Dirty Hands: How to make your Christmas tree last this holiday season
November 25, 2012
The holiday season is upon us. Soon we will see blankets of snow and holiday lights everywhere. Below are tips on selecting and caring for your Christmas greenery so it is enjoyable from Thanksgiving through Christmas.
When selecting a tree, it is important to consider where it will be placed in your house. Take into account height added with your tree topper and tree stand. Also, consider the type of lights and ornaments you will place on the tree. Once you have these thoughts in mind, it is time to pick out a tree. Buying a fresh tree is very important. Choose one you find appealing, perhaps by its color and fragrance or according to the strength of the limbs. The limbs need to be strong enough to carry the weight of your lights and ornaments. Check the needles, are they resilient and flexible? Do they adhere to the branches? Slip the tip of a branch between your thumb and forefinger and gently slide. The needles should not fall off in your hand. Gently bump the trunk on the ground, do needles fall off of the main visible branches? Inside needle loss in pine trees is normal. Old needles may lodge against the branches, therefore dropping a few needles is common with a fresh tree.
Now that you’ve finally found the perfect Christmas tree, there are a few steps you can take to make sure your tree looks its best for as long as possible. If you bought a tree early to get the best selection, but don’t plan on decorating it yet, leave it outside in the cold until a day or two before you intend to decorate it. You don’t need to water it unless the temperature is above freezing. Spraying your tree with an anti-transpirant before you bring it in the house will seal in existing moisture to help retain color and increase needle retention. If your tree is going to be placed near a fireplace or candles, it is a good idea to spray it with a flame-retardant product developed especially for Christmas trees. Make a fresh cut at the bottom of the trunk before bringing it inside to allow for optimum water absorption. Immediately place your tree in water. Let it thaw completely before adding decorations. Your tree will drink heavily in the first few hours and throughout the first week. Keep an eye on the water level. Do not let it go dry. Adding a liquid tree preservative to the water reservoir will significantly prolong the freshness of your tree and minimize needle drop. See the recipe for a tree preservative you can make at home. To minimize watering, add a water retention gel to the water reservoir. Avoid disaster by making sure your tree stand is the appropriate size for the tree you have purchased. If your stand is too small or not rated for the tree you have, it could easily tip over. Tie wires may be necessary to support very large trees. Balance decorations on all sides of the tree to keep weight evenly distributed. If you are decorating only one side of the tree, tie wires can also be used to prevent tipping.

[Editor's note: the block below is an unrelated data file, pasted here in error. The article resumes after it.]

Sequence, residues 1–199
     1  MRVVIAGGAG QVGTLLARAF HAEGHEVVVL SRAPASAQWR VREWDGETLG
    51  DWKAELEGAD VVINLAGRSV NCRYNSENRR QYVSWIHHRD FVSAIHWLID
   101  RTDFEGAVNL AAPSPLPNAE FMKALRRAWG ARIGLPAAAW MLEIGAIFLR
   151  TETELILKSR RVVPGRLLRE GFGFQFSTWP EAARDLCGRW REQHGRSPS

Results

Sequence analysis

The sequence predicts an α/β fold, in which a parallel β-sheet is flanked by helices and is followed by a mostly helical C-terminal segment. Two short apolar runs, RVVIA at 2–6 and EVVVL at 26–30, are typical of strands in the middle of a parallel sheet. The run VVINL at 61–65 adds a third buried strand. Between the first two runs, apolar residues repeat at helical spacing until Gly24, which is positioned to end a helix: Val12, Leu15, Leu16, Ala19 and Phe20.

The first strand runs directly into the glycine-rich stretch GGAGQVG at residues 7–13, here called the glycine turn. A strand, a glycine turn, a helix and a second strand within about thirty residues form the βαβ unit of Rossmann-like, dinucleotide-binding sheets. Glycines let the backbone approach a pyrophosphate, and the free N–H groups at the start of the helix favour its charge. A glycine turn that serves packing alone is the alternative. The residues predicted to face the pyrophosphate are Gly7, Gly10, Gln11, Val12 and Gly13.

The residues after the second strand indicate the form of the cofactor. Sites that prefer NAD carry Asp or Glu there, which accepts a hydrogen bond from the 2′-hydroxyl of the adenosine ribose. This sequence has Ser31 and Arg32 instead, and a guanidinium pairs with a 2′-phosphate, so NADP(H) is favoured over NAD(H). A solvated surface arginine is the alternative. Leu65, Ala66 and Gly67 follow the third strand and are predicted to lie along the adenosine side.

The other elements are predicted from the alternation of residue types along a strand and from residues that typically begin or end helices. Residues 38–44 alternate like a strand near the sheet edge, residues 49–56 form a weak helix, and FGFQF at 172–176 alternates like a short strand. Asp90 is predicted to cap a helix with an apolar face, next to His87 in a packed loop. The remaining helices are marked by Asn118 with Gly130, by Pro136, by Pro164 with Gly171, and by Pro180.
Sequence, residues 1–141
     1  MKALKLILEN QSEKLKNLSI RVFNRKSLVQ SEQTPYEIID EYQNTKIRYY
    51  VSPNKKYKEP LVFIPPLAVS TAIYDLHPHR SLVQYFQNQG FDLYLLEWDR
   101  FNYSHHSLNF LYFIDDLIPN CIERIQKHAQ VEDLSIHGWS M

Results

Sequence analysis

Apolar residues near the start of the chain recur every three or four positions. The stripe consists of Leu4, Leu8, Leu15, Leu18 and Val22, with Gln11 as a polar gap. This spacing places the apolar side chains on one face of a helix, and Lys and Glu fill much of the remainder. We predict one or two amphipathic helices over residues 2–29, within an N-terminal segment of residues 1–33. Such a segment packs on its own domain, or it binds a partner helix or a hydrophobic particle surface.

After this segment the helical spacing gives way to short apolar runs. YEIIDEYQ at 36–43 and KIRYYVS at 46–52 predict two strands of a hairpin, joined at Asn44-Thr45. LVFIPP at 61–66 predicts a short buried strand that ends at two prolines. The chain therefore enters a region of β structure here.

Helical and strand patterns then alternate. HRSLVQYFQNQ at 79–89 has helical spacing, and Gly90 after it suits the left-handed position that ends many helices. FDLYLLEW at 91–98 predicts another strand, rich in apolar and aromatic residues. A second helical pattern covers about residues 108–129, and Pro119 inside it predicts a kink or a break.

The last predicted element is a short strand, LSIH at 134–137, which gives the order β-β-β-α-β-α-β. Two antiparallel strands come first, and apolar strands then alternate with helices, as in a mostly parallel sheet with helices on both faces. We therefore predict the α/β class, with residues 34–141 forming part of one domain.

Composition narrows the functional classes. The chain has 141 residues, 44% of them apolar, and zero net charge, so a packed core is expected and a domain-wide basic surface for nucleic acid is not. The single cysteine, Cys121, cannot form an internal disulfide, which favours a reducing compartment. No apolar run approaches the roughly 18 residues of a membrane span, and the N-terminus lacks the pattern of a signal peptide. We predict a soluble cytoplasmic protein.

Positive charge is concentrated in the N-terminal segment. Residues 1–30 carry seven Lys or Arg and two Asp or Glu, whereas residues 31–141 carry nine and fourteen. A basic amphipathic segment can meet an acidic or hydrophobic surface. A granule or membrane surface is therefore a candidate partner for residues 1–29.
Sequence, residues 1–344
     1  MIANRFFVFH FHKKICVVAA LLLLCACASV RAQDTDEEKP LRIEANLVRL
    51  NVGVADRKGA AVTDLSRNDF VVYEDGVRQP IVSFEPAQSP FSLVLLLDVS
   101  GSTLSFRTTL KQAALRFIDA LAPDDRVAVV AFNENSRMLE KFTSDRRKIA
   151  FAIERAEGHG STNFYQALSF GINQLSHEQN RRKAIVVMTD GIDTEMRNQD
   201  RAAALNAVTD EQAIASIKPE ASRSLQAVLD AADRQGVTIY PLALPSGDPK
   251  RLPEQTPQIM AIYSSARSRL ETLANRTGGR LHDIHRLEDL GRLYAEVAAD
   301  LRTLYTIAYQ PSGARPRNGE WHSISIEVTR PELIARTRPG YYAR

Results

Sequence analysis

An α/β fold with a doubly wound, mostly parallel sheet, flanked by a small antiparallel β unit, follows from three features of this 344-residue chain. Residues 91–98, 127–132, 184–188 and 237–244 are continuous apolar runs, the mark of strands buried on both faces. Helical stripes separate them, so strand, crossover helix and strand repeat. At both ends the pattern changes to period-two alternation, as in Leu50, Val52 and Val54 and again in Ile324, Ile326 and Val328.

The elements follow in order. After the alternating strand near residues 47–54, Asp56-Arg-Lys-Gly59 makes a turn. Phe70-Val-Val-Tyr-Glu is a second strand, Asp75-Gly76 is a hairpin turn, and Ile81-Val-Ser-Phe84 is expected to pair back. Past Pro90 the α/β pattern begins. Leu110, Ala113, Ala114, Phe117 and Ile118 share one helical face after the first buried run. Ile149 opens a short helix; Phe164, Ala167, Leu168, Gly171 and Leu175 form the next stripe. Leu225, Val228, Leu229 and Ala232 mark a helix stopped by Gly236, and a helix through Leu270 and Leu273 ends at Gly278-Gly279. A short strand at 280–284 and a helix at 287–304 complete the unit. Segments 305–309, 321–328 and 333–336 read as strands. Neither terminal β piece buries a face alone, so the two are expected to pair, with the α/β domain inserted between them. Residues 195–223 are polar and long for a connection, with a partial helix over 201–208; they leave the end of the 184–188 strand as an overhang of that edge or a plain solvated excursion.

For more, detailed seasonal information, become a member of the Wildflower Farm. You’ll receive the member’s-only monthly newsletter and exclusive discounts.
Wildflower Farm is located in Edwards on U.S. Highway 6. Reach them at 970-926-5504 or firstname.lastname@example.org.